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The Military Communications

Hearing Voices? Could Be the Lasers 225

Posted by kdawson
from the or-maybe-the-sharks dept.
An anonymous reader sends us to Wired for a piece about some declassified Pentagon research from 1998 that has been revealed in a freedom-of-information filing. Apparently the Pentagon has investigated lasers that put voices in your head, among other non-lethal technologies such as microwave heating. The report suggests the techniques could be useful for controlling crowds or in negotiations. There is no context for the research or any indication whether it has continued, although the microwave heating bit sounds rather like the Active Denial System we have discussed recently.
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Hearing Voices? Could Be the Lasers

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  • by WarJolt (990309) on Tuesday February 19, 2008 @07:25PM (#22482014)
    Torture isn't a reliable means to obtain information. I know...I have a great idea... Lets make them crazy.
  • obligatory (Score:3, Insightful)

    by Anonymous Coward on Tuesday February 19, 2008 @07:26PM (#22482036)
    what's the frequency, Kenneth?
  • by MenTaLguY (5483) on Tuesday February 19, 2008 @07:38PM (#22482172) Homepage
    Also known as "psychological torture".
  • by vux984 (928602) on Tuesday February 19, 2008 @08:41PM (#22482844)
    but I've never read a convincing explanation of why this would be the case. The standard arguments (e.g. "They'll say whatever you want to hear, just to make you stop") aren't particularly well reasoned - they don't really work unless you assume the torturer comes into the session knowing absolutely nothing related to the information they're trying to obtain.

    Suppose I planted some bombs and you caught me and demanded the information by torture. First I'd deny, then I'd lie, and presumably eventually I'd give up the locations and the city would be saved. hooray! right?

    The trouble is -- what if you caught my completely innocent brother instead? You'd start in on him, and he deny. And deny. And then deny some more... but if you don't let up, he'll give up and start naming places. Of course there won't be any bombs there unless he's incredibly lucky-- but really you expected him to lie. So you torture him some more, and he'll come up with some new locations.

    And all the information he'll give you will be unreliable. But he'll swear by his mothers grave its the truth everytime. until you come back tell him he lied and you want the real locations this time... and he'll come up with another set. You see? He'll just keep saying what you want to hear.

    Now if you happen to know where the bombs are, and tell him to confirm it. He'll do that too. He'll jump at the chance. And admit to planning it. Buying the explosives, etc... whatever you tell him... he'll give it back to you.

    And when you look at some of the information that's come from people who've been tortured. They rarely want anything so verifiable as the location of bombs... they want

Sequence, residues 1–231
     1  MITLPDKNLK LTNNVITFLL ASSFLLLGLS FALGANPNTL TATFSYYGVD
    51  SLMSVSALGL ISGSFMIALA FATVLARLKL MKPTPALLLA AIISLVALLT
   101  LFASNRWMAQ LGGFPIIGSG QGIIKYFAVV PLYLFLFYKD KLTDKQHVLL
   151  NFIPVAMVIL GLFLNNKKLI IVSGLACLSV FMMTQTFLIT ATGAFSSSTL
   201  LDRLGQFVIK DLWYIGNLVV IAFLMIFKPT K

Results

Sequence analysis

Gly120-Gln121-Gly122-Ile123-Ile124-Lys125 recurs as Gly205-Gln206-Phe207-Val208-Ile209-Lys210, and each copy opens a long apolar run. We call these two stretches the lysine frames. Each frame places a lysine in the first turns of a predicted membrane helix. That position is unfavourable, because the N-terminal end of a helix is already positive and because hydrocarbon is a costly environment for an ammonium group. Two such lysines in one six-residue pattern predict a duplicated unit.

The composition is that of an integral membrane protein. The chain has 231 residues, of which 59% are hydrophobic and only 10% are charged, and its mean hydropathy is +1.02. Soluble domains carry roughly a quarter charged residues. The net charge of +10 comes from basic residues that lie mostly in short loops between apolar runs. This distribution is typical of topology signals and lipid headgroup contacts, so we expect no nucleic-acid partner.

a) you to confess to crimes that they'll outline for you
    b) tell you name co-conspirators

    In which case you eventually do both. Except if your innocent the people you name in b) are just going to be random friends and family and acquaintenaces etc... which is unverifiable... because they all deny it... unless you torture them too, of course.

    The trouble with torture is ultimately there is no real way to tell the difference between some who is supressing information and someone who simply doesn't know. Either will deny knowing. And either will give you false information -- the former in defiance, the latter because that's all they've got, and you don't let up until they give you SOMETHING.

    And if you know the information your getting is false, well.. they must be in defiance... so you just torture them some more.
  • Re:Voices (Score:2, Insightful)

    by thegiantsnail (1242598) on Tuesday February 19, 2008 @08:44PM (#22482880)
    Philip K Dick. Hell yes. My exact thought when I read this, that pink laser of enlightenment.
  • by repapetilto (1219852) on Tuesday February 19, 2008 @09:00PM (#22483022)
    Johnston: "It appears the intel was faulty again sir" Base Cmdr. Assertion Fallacy: "Well, then we obviously haven't tortured him enough have we"
  • by MikeDX (560598) on Tuesday February 19, 2008 @09:37PM (#22483334) Journal
    surely she *DID* do a cover then..
  • by ravenshrike (808508) on Tuesday February 19, 2008 @09:52PM (#22483452)
    Done properly, while asking the right sort of questions, torture works perfectly well. Especially if you keep torturing them until their story remains consistent. It's hard enough to build elaborate lies against interrogation alone, adding severe pain and mental anguish makes it impossible. That being said, just picking up an average Joe off the street and torturing them won't get you anything useful, because you don't know enough to ask the right sort of questions.
  • by MikeBabcock (65886) <mtb-slashdot@mikebabcock.ca> on Tuesday February 19, 2008 @10:41PM (#22483798) Homepage Journal
    On the contrary -- people who say torture works watch too many movies. Ditto for people who think lie detectors work. You do realize the CIA has admitted to never actually outing an agent with a lie detector, right?

    Torture is a useful way to justify your own actions and beliefs, and it may be a way to get information from someone IF they have that information but it is NOT a good reliable way of ascertaining if they even know that information nor if the information they give you is accurate.